Saturday, June 21, 2014

Looking for the 'There' There Pt. IV

In the morning I go catch a bus at Minami Kesennuma Station, which is nowhere near the old station since the old station is no longer there.  I am joined on the bus by children on their way to school, noisy and rambunctious like schoolkids everywhere.  There was little outside the bus to distract, since the fog was even thicker than yesterday, hanging low over everything.  It was impossible to see the water, even when I was right beside it. 

I get off the bus in Minami Sanriku, at a station that had a funky cylindrical design, like a tin can turned on its side.  Beside it is the town's new shopping arcade, consisting of a series of huts that serve as shops and restaurants.  Tables sit out at the common area between.  Not far away, another hut is being used as Family Mart convenience store.  I stroll through, still quiet at this early hour, then turn into the fog. 

I move in the direction of the sea.  Block after block I go, amongst the fog, amongst the weeds.  Minami Sanriku too had been victim to the previous tsunamis that had struck this area, but this last one has taken away 95% of the town.  All I can see is the faint outline of where streets had once been.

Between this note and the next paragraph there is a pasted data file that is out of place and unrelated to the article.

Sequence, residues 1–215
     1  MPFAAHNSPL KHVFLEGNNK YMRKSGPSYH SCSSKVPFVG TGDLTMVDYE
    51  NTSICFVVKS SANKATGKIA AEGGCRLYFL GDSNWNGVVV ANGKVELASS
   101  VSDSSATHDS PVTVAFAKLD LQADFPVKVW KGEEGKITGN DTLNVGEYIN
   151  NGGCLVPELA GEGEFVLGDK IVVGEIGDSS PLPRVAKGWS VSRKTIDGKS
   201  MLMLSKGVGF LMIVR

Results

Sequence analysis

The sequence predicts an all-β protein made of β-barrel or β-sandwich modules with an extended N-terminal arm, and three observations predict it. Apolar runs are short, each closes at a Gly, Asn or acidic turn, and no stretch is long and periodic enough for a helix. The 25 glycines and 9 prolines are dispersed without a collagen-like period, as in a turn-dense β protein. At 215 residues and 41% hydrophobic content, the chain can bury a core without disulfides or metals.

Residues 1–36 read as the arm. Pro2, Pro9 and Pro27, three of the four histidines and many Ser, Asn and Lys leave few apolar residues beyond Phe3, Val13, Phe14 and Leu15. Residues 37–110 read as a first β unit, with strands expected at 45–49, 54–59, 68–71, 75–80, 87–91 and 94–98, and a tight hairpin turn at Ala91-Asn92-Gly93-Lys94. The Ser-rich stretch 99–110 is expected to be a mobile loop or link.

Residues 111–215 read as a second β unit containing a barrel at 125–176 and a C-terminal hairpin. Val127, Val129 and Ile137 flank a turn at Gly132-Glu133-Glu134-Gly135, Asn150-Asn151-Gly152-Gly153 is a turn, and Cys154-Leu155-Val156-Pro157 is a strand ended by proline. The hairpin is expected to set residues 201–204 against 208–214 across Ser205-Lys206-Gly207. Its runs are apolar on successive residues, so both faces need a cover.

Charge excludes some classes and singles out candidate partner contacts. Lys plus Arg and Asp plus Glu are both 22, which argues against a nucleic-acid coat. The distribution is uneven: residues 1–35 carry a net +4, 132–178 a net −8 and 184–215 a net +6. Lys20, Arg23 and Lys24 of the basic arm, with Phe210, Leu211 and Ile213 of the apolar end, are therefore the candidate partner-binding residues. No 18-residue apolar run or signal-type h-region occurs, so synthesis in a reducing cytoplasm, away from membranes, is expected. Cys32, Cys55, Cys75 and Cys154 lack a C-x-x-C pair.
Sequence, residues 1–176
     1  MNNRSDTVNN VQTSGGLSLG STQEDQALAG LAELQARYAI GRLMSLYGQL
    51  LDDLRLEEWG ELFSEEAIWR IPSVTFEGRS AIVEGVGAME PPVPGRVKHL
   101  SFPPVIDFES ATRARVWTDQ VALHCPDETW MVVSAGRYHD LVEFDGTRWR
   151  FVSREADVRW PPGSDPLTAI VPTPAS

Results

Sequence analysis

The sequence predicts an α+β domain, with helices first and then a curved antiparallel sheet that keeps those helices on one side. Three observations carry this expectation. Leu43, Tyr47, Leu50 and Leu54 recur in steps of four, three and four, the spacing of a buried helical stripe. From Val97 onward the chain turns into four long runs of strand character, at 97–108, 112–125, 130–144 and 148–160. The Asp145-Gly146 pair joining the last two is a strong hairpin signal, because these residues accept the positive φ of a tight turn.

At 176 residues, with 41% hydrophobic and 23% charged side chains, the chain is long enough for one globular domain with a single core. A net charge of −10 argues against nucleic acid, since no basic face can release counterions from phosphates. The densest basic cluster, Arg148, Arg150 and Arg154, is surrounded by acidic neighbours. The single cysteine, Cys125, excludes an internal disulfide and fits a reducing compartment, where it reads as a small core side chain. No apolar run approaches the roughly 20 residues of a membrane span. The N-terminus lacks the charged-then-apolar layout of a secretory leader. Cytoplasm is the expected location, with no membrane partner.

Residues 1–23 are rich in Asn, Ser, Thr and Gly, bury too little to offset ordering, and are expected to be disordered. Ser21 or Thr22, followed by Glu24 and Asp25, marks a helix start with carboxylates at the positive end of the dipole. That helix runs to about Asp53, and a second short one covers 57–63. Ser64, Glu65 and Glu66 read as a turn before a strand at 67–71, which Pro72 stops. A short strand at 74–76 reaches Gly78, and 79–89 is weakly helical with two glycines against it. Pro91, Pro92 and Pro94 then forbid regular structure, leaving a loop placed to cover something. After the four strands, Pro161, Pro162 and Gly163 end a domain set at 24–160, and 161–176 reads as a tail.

A shape begins to come out of the fog.  The sole structure remaining is the former crisis management center, where a young woman had remained at her desk, giving alerts over the loudspeakers until the waves took her.  This shell of a building stands in her memory.  At its base stand two jizo statues, and beside them, the dozens of paper crane offering are a testament to the people who come to show appreciation for her sacrifice.  

I continue to the shore.  There is a quiet dignity here without all the construction.  My feet pass over an old sign pointing the way to a tsunami evacuation center, two hundred and fifty meters away.  The emptiness beyond extends at least a thousand meters more. 

I come to the sea gates, built after the 1960 Chilean tsunami, now smashed shut.  I pass these too and walk to the very edge of the water, the closest I've yet been.  Tiny waves lap the shore.  Gulls flit about, landing atop debris piled nearby.  The fog is still thick, and I stand looking out where the sea should be.  

On the turntable:  Red Hot Chili Peppers, "Freaky Styley"

1 comment:

Alex Hurst said...

The story of that woman brought tears to my eyes.